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Journal of Neurosurgical Sciences 2017 Nov 20

DOI: 10.23736/S0390-5616.17.04077-2


language: English

Primary gliosarcoma: epidemiology, clinical presentation, management and survival

Ruichong MA, Delia-Marina ALEXE, Davide BOERIS, Erlick PEREIRA

Department of Neurosurgery, Oxford University Hospitals, Oxford, UK


Gliosarcomas are malignant tumours of the central nervous system. As glioblastomas (GBM), they are treated in a similar fashion. However there is growing evidence to suggest that they may be a separate entity. Due to the rarity of primary gliosarcomas (PGS)Here we publish single centre data over a 14-year period, comprising possibly one of the biggest case series in the literature to our knowledge. The mean age at presentation was 59 years with male preponderance (1.75:1). The most common presenting symptoms were balance and mobility issues (61%), followed by headaches (50%) and visual problems (39%). Tumours were most likely to involve the frontal and parietal lobes (27% and 21% respectively). Patients under 50 had a significant survival advantage (50% versus 32%). All patients had surgery, 79% had adjuvant radiotherapy, with a further 21% also receiving chemotherapy. Median survival from surgery of patients diagnosed with PGS was 6.6 months. Median and one-year survival were significantly better for patients who received radiotherapy (14 months; 46% one year survival) and improved further with combined radioand chemotherapy (30 months; 77%, one year survival). For patients of good status, adjuvant chemo-radiotherapy is warranted and should be offered as it confers a muchimproved overall survival.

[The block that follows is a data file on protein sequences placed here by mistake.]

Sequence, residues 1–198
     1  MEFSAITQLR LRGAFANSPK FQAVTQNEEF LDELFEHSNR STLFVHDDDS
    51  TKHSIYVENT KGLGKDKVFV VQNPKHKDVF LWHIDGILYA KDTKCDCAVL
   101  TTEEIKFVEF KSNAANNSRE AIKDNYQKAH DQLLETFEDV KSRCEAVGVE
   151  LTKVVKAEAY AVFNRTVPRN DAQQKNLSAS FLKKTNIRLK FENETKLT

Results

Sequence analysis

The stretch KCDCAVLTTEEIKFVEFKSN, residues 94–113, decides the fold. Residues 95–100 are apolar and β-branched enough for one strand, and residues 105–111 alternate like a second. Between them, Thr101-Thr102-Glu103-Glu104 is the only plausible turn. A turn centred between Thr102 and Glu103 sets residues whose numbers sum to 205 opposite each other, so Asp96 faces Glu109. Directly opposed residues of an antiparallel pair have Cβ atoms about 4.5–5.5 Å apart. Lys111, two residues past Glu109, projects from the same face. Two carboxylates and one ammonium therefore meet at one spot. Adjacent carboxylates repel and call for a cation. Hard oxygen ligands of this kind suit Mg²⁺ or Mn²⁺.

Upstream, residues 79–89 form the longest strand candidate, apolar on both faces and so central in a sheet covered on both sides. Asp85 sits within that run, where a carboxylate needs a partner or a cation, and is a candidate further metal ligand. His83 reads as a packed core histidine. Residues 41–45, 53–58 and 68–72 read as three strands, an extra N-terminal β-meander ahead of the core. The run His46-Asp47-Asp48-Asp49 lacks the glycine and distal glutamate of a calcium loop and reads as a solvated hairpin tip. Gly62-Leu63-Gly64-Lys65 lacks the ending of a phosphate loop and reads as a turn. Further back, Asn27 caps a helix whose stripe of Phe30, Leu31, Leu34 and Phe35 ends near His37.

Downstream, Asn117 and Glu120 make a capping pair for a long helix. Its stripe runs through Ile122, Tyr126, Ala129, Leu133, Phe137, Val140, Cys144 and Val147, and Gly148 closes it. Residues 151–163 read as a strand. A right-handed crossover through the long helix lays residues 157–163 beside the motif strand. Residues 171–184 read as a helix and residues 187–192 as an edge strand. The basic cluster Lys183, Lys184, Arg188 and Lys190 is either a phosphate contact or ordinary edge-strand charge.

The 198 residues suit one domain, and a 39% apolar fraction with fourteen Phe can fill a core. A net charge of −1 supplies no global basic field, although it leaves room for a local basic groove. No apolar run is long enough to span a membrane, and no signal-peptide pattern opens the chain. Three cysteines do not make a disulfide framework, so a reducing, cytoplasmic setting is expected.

KEY WORDS: Primary Gliosarcoma - Glioblastoma

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